This is actually a pretty great intro to all 3 tools (and some bonus tools too). It seems pretty clear to me that Figma has surpassed Sketch as the premier UI design tool at the moment, but I remember reading about Sketch having more collaboration-focused plans (maybe even a browser-based version similar to Figma) as a result of their recent funding.
Poor Adobe xD. It being included with Figma and Sketch in this article is just unfortunate as it's basically a distant 3rd in every single category. I don't understand why anybody would use Adobe xD in its current state.
I've used all three extensively. Figma's online collaboration is a killer feature. It's no wonder Sketch decided to get funding and make a web version because of this. I feel bad for Invision Studio because they are so far behind now.
Given their past, I wouldn't be surprised if Invision acquires Figma!
If I was Figma, I wouldn't sell. In my opinion, Figma is worth more than Invision in the future. Figma already has prototyping covered.
this times 1000.
XD is much further ahead in the prototyping department than the other two. With Auto Animate and Voice prototyping, I find myself firing it up every now and then for some quick motion design experiments.
Ah, I haven't had to do any voice prototyping, so yea maybe they're the leader in that space!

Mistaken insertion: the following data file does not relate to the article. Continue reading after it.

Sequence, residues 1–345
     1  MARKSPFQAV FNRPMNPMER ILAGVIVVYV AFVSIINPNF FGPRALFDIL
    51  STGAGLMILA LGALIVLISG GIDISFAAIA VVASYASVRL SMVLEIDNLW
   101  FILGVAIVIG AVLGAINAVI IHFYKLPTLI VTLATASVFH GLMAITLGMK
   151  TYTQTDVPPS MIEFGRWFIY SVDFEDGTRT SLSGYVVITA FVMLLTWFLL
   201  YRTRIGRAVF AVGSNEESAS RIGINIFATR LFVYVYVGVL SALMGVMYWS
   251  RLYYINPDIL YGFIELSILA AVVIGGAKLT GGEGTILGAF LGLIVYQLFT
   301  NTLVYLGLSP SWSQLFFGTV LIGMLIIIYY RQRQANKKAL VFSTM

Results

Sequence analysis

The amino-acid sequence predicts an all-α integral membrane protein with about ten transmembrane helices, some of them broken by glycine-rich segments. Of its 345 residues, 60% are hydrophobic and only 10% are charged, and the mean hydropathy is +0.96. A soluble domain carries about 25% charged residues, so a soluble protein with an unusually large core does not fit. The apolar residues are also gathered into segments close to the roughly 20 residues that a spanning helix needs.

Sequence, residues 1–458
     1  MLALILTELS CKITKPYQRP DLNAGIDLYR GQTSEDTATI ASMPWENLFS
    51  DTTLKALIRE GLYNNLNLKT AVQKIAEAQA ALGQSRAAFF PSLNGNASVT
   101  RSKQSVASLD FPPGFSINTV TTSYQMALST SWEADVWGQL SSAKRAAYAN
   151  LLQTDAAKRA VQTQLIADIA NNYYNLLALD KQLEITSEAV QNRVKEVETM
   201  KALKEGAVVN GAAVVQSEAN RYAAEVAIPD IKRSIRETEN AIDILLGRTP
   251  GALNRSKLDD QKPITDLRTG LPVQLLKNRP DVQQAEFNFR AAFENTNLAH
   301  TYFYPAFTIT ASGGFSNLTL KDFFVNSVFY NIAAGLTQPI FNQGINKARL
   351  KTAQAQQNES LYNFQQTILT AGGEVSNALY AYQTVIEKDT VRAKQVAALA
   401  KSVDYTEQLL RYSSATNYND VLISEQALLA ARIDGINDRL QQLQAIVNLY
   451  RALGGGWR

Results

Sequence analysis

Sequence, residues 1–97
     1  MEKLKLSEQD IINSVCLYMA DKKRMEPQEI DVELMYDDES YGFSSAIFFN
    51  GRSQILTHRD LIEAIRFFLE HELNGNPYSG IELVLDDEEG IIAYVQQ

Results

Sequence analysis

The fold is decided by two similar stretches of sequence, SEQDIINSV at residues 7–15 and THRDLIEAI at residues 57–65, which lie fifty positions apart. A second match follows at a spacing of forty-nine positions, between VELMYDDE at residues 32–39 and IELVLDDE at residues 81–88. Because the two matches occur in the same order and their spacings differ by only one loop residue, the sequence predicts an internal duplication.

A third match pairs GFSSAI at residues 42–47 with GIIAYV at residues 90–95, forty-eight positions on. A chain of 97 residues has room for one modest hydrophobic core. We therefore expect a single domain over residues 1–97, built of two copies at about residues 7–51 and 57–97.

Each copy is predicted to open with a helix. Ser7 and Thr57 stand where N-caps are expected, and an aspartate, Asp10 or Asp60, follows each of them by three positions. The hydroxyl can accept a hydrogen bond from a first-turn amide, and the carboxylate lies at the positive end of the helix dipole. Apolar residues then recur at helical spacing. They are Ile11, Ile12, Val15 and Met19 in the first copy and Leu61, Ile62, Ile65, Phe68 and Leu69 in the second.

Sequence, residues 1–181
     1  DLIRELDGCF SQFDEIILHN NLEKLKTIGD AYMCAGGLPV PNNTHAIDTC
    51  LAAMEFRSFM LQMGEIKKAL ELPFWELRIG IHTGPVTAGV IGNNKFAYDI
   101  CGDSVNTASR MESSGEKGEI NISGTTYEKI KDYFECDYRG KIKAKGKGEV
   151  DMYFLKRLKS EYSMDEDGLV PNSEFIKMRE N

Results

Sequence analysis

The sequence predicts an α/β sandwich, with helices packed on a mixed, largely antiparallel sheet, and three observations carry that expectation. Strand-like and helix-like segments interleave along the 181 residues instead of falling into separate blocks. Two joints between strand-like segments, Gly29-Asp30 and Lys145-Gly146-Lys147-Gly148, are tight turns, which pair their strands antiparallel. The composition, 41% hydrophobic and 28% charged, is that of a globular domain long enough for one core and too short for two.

I find prototyping in general to be a bit overrated simply due to how easy it is to live code interfaces in modern frameworks, but that's from the perspective of a guy doing all enterprise web UI all day everyday so I'll be the first to admit my perspective is limited.
I would love to get to a point where prototyping in code is easy, but the reality is that it is not yet the case. For a team of designers, having to rely on a developer to prototype their designs just doesn't work in most scenarios. Being able to quickly mock the interactions and - more importantly - the motion design for a given interface has a lot of inherent value. That way, when it is time to hand over the design to a developer, you don't have to spend time explaining and/or documenting how things will work.